If you don’t count chives, the first allium flower I planted was a leek that didn’t get harvested. Next spring there was a flower spike and not long after that, in early summer, a great big ball of little white stars that lasted about 2 weeks.
After that, the deluge. Every year there are more of the genuinely ornamental kind (the kind in the back of the bulb catalogs, after you go past the tulips and daffodils and crocuses and lilies and just about everything else), because even though they come back reliably it’s very hard to stop buying.
* the fireworks special A. schubertii (not the composer. A 19th century naturalist/plant collector named Gotthilf Heinrich von Schubert). It has pink stars that shoot out on long stems from a tight ball of other pink stars; a truly amazing effect.
* The graceful yellow A. flavum, which blooms in midsummer and is always in peril of being weeded out…until the flower stalk comes up it looks an awful lot like tall onion grass.
* A. bulgaricum, now Nectaroscordum bulgaricum. It has pink and green striped white bells instead of the more usual allium stars.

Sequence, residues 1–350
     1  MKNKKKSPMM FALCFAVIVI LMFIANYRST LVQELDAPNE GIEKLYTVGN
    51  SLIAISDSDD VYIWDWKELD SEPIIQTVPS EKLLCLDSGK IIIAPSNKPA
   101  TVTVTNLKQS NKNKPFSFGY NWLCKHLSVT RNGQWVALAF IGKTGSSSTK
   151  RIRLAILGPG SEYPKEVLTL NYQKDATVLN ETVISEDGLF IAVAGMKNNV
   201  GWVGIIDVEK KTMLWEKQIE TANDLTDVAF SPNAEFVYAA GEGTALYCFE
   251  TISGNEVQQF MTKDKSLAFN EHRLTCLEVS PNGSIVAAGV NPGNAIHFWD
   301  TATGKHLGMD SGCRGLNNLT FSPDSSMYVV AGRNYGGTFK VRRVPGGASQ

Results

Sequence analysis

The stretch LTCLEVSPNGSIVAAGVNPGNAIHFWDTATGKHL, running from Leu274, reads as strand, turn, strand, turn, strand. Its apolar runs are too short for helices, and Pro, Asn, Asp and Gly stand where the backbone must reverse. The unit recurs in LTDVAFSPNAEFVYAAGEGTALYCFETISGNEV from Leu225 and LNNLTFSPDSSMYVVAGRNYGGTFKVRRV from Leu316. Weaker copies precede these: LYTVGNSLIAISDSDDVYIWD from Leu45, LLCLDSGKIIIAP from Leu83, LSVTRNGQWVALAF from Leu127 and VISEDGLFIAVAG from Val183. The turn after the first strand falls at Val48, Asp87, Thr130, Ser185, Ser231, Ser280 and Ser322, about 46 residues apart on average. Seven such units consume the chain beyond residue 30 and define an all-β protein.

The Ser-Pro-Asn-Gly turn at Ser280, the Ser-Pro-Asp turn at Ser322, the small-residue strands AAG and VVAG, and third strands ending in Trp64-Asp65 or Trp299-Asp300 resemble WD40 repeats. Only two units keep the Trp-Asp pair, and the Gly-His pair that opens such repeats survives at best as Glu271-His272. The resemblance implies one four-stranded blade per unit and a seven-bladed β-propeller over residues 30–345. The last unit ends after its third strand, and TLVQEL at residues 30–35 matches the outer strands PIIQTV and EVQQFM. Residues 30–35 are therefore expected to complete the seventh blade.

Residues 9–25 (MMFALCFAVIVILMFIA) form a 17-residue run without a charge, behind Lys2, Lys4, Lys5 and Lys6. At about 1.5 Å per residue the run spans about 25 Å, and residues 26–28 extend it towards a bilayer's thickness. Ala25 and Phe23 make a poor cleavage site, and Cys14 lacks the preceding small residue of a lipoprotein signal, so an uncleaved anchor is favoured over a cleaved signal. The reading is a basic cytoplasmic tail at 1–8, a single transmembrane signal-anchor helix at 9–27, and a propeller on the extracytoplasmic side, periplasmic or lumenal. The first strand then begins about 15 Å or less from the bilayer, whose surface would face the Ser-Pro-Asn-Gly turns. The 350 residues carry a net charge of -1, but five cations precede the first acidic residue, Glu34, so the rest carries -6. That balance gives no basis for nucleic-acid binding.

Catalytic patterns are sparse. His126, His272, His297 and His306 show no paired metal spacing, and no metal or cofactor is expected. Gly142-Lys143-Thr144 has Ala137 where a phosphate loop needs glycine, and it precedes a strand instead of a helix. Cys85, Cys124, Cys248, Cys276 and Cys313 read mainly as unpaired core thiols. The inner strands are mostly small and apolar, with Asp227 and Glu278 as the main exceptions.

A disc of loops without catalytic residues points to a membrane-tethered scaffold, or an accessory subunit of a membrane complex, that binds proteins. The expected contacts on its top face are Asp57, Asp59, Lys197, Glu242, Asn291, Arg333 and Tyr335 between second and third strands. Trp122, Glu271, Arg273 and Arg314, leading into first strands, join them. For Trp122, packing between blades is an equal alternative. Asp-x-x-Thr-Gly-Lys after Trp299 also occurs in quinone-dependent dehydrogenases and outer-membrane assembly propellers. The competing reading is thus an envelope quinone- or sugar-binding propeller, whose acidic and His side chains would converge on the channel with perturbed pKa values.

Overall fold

Allium christophii, the Star of Persia, is almost as lovely in the dried state as when fresh (and pale purple). This stem is about 3 years old and has been being used as outhouse daécor. I just stuck it in the pachysandra next to the barn in order to take the mugshot.
Christophii is an exception; most alliums don’t have common names. What they do have is one big flaw: leaves start turning yellow and dying just as the flowers bloom. Bulgaricum sometimes stays green throughout , but you can’t count on it. And most of the others are worse.
Solution? Plant alliums where the the leaves will be hidden by more obliging plants – even pachysandra will do. Just keep them out of the front of the border unless you want to see the gorgeous blossoms rising from decidedly unpoetic ruins.